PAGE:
US warns of ‘disaster’ amid oil slick in Red Sea from ship hit by Houthis

US military says Iran-aligned group is being reckless with attacks on shipping in the Red Sea off Yemen’s shores.

Newly recruited Houthi fighters attend a protest march against the U.S.-led strikes on Yemen and the Israeli war in the Gaza Strip, Wednesday, Feb. 21, 2024, in Sanaa, Yemen. (AP Photo/Osamah Abdulrahman)
Newly recruited Houthi fighters attend a protest against the US-led strikes on Yemen and Israel's war on Gaza, in Sanaa, Yemen, on February 21, 2024 [Osamah Abdulrahman/AP Photo]

The United States military has warned of an “environmental disaster” after an attack by Yemen’s Houthi rebels on a cargo ship caused an oil slick in the Red Sea.

The Iran-aligned group hit the United Kingdom-owned, Belize-flagged bulk carrier Rubymar on February 18 with multiple missiles. It was sailing through the Bab al-Mandeb Strait which connects the Red Sea and the Gulf of Aden, on its way to Bulgaria after leaving Khor Fakkan in the United Arab Emirates.

Extensive damage prompted the crew, all of whom are safe, to abandon the ship.

US Central Command (CENTCOM) confirmed on Saturday that the ship was now “anchored but slowly taking on water”, which it said has caused a 29-kilometre (18-mile) oil slick.

The vessel was transporting more than 41,000 tonnes of fertiliser when attacked, the military said, “which could spill into the Red Sea and worsen this environmental disaster”.

“The Houthis continue to demonstrate disregard for the regional impact of their indiscriminate attacks, threatening the fishing industry, coastal communities, and imports of food supplies,” it added.

US broadcaster CNN cited an unnamed US official as saying the threat of more Houthi attacks in the Red Sea, combined with the condition of the water, makes it very difficult to safely get to the ship and attempt to tow it to a port. US officials are not sure what kind of substance is causing the slick, the report said.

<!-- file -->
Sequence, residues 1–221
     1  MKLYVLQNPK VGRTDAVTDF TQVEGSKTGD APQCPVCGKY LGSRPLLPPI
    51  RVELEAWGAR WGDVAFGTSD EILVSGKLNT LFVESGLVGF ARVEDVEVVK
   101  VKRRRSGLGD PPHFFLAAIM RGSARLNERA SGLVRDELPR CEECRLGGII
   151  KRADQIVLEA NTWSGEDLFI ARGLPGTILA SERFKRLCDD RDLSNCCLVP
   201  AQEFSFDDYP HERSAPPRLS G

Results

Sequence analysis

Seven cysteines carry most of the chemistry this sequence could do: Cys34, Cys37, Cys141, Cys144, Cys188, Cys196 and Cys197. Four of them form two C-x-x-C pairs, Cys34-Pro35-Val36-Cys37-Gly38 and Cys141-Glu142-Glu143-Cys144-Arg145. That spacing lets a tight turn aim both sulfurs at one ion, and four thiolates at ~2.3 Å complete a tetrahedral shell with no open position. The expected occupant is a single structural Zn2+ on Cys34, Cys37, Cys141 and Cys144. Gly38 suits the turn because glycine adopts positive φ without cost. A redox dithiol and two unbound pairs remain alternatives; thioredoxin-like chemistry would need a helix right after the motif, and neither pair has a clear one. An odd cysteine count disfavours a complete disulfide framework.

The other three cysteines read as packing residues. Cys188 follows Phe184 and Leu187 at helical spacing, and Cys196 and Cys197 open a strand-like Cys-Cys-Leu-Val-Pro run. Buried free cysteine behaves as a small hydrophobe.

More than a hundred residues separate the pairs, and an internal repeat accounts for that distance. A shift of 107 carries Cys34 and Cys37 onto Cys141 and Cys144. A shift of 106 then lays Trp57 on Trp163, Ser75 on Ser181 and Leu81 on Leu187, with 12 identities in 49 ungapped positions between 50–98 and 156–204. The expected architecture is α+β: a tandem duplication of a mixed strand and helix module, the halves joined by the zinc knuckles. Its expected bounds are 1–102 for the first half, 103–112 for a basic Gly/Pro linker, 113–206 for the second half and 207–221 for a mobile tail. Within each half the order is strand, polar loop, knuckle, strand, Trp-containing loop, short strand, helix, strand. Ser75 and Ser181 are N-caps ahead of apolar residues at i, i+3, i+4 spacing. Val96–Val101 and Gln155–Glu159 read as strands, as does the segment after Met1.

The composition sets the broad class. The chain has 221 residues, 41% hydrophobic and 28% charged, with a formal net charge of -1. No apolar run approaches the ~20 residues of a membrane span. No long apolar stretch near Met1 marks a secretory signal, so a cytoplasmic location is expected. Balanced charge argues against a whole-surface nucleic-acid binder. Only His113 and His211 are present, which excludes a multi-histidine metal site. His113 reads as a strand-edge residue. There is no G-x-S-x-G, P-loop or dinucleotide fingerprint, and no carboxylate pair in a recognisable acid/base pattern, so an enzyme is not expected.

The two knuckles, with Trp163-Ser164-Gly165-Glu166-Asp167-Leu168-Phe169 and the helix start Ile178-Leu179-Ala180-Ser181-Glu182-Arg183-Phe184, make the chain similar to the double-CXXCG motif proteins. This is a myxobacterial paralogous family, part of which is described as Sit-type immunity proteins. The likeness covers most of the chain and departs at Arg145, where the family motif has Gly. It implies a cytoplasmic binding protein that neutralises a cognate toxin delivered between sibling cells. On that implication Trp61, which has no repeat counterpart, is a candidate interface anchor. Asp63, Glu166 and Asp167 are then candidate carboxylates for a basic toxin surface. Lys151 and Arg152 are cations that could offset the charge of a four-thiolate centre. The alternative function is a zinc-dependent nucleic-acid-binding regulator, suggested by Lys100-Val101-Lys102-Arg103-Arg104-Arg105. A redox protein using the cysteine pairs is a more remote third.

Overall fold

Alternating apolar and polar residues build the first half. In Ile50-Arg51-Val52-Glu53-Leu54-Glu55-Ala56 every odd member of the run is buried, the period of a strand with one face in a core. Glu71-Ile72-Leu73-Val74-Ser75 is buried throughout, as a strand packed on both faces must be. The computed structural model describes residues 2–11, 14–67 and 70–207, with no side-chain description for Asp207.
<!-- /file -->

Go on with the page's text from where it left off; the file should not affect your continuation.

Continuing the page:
The group has been disrupting trade through the Red Sea, promising that its attacks will continue until Israel ends its war on Gaza, which has killed more than 29,600 Palestinians, mostly children and women.

Backed by several other allied Western governments, the US and the United Kingdom have been bombing governorates across Yemen in response to the Houthi strikes. The military confrontation has now turned into a daily occurrence.

The US military also confirmed multiple new “self-defence strikes” on Houthi-controlled positions in Yemen. It said it destroyed seven mobile antiship cruise missiles that were prepared for launch towards the Red Sea.

“These actions will protect freedom of navigation and make international waters safer and more secure for US Navy and merchant vessels,” CENTCOM said.


The Houthis, who control Yemen’s most populous regions, earlier this week struck what they said was an Israeli cargo ship, the MSC Silver, in the Gulf of Aden near the entrance to the Red Sea.

Houthi military spokesperson Yahya Saree said the group had also used drones to target a number of US warships in the Red Sea and Arabian Sea as well as sites in the southern Israeli resort town of Eilat.

US media cited US officials as confirming earlier this week that the Houthis had hit an MQ-9 attack drone near Yemen, the second time they have shot down a US military drone since the start of the Gaza war.

Houthi leader Abdulmalik al-Houthi on Thursday said they have introduced “submarine weapons” in their attacks. This confirms a previous US military report that the group is deploying underwater drones.

A Houthi spokesperson has said the group has recruited and trained more than 200,000 new fighters since the start of the Gaza war.

Source: Al Jazeera